A bunch of teenagers lounge about in a country house on a remote island. They form gangs, their leaders battling for supremacy, though, with nurses and teachers standing on the sidelines, it’s not quite Lord of the Flies. Drugs also help to maintain order, in the form of the nightly “vitamins” that the narrator, Toby, secretes in his bedpost, leaving him free to wander through the house while the others sleep. Although, when he witnesses one of the boys being taken at night to the top-floor sanatorium, he almost wishes he’d stayed in bed. Everyone knows why they’ve been wrenched from their families to live in the Death House yet, through a mixture of boredom, bravado and emotional distancing, they try to defend themselves against the truth. Blood tests have shown that their defective genes have been activated; the adults are merely keeping watch for the signs of their sickness to show.
Born “at the end of the world”, Lalla has led a sheltered life, protected by her father’s wealth and her mother’s constant vigilance from the worst extremities of post-apocalyptic London. Although deprived by today’s standards, relative to the conditions of the stateless squatters in the British Museum, which she visits with her mother every day in lieu of school, she lives in luxury, with locks on the door of their flat and the prospect of tinned peaches for her birthday dinner. Her father, Michael, visits intermittently, spending most of his time procuring goods that will stock the ship he has purchased for her salvation and that of another 500 worthy souls.
On her sixteenth birthday, after Lalla’s mother is fatally wounded by a shot through the window of their flat, Michael takes his daughter to set sail for a better life. Initially, Lalla’s unhappiness is attributed to her grief at her mother’s death, exacerbated by her father’s insistence that those on board should renounce all ties to the past. Even her developing passion for football-coach Tom cannot prevent her unease at what is happening. The other passengers, selected on the basis of their generosity to others or resistance to the military regime, see Michael as a Messiah figure and are increasingly frustrated by his daughter’s apparent rejection of his largesse.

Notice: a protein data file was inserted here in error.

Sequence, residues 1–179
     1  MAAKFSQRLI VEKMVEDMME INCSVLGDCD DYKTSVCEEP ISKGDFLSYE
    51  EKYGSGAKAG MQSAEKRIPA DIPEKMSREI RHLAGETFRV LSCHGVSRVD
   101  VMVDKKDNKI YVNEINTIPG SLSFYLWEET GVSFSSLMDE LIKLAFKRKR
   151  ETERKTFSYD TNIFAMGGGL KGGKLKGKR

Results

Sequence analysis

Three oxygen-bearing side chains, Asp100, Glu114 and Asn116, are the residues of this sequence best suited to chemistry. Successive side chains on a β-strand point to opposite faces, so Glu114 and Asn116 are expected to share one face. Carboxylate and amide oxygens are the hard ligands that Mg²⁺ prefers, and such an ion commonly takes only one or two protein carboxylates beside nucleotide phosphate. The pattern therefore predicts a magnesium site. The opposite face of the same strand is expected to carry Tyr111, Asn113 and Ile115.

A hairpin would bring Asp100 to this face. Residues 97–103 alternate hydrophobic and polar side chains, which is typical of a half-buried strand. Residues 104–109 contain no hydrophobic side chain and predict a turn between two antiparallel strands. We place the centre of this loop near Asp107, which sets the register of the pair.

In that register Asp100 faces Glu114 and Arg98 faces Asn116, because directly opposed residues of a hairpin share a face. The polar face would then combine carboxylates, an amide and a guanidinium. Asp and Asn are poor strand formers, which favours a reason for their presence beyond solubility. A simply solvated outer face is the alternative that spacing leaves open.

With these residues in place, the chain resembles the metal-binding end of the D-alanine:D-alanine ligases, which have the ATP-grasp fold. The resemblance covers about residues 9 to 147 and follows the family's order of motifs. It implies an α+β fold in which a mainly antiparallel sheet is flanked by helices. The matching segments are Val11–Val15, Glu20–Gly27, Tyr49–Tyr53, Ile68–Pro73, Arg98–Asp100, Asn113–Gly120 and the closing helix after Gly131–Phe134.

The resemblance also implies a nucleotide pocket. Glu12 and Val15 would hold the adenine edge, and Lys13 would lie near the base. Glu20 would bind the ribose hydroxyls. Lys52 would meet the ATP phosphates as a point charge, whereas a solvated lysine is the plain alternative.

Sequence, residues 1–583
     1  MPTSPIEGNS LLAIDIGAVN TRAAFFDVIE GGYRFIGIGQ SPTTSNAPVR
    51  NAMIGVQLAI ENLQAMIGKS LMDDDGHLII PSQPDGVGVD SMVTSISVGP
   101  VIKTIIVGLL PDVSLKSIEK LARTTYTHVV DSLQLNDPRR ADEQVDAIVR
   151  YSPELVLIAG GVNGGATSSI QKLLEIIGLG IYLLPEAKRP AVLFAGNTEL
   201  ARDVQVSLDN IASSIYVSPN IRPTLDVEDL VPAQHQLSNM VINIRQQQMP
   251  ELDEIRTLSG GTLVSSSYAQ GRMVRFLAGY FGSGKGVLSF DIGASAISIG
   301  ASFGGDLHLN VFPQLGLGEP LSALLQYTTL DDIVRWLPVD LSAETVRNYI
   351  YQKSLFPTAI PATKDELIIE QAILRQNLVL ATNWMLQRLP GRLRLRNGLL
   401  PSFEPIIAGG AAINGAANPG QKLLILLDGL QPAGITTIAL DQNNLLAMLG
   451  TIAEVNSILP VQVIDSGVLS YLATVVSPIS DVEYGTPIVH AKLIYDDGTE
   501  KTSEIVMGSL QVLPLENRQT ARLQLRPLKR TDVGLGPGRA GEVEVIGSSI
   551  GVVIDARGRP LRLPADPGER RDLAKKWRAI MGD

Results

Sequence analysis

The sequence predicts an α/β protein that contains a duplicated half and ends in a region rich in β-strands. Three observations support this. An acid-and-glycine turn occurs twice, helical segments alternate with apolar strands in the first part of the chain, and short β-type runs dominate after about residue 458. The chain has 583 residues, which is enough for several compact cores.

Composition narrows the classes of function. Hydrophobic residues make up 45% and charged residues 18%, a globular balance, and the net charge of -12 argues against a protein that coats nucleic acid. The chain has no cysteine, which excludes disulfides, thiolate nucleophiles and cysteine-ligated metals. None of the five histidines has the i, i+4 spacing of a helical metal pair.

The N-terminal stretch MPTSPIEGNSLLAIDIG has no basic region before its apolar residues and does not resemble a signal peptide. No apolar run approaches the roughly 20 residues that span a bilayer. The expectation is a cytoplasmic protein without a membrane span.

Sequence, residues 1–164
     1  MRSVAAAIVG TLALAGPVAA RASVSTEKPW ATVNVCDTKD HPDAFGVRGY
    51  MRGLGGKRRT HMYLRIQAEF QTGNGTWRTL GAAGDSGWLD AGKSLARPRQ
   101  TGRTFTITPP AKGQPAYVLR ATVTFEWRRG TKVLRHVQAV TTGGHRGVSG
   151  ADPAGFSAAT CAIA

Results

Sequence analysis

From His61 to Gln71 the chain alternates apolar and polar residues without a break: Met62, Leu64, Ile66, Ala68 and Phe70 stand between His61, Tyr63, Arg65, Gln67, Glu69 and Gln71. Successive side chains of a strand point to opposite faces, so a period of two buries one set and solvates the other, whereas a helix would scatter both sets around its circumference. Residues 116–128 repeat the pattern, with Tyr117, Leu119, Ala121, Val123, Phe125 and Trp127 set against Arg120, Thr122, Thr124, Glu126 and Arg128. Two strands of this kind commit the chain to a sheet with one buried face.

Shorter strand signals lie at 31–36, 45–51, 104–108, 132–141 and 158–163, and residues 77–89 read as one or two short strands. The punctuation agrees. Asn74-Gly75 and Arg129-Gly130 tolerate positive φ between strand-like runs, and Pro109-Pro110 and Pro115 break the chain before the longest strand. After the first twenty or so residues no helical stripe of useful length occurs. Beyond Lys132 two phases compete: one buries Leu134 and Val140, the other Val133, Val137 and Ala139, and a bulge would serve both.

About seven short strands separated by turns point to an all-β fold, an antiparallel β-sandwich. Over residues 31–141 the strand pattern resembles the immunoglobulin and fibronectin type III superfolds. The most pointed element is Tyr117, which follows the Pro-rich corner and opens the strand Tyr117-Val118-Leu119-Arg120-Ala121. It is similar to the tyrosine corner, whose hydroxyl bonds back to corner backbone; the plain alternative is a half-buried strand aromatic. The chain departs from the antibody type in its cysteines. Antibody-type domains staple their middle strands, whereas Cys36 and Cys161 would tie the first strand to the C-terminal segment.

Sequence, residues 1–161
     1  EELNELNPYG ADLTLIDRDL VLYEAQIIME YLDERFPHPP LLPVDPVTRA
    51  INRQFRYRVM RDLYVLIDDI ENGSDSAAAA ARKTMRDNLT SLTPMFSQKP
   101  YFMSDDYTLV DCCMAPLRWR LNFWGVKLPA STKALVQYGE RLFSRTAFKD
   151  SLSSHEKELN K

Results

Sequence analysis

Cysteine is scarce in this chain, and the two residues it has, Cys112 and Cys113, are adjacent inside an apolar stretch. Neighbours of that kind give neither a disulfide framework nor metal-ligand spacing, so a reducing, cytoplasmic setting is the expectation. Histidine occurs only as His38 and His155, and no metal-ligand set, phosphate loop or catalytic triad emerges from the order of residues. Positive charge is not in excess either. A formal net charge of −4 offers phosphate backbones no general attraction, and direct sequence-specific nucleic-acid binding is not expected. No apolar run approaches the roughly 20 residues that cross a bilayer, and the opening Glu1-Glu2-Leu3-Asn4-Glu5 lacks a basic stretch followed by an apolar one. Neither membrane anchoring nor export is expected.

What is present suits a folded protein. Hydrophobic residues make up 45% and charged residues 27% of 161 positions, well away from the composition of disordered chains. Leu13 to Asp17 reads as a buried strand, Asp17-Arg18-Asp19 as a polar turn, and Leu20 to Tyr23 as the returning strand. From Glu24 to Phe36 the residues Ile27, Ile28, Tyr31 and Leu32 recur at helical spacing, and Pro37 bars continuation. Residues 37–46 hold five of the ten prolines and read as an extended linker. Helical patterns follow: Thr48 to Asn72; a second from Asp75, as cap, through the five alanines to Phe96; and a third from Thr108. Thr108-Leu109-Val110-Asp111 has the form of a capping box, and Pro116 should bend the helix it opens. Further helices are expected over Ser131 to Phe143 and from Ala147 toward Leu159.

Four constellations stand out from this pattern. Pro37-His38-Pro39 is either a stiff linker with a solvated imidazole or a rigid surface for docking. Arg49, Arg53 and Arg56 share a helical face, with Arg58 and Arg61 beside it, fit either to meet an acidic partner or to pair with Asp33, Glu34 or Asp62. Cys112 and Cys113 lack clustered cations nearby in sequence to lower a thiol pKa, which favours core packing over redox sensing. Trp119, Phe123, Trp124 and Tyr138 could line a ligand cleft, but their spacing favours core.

The blue cover of the English edition shows a silhouette of four young people above a précis of the pitch: “What if you had a child who was toxic to you and everyone else?” At the bottom, a further enticement, or is it a warning? “You won’t get away unharmed.”
I wasn’t expecting to be disturbed by a futuristic novel about a sinister epidemic of which children are the only carriers, causing anyone who comes near them a barrage of symptoms including dizziness, severe headaches, and nausea. It might not be everyone’s cup of tea, but the darker side of the relationship between old and young, and the devastating impact of parental distance on children’s development, is familiar territory for me, and I looked forward to seeing how this would be explored. The back-cover blurb did nothing to discourage me, but perhaps I ought to have paid more attention to the phrase “part postmodern puzzle”, post-modernism being a concept I’ve consistently failed to understand.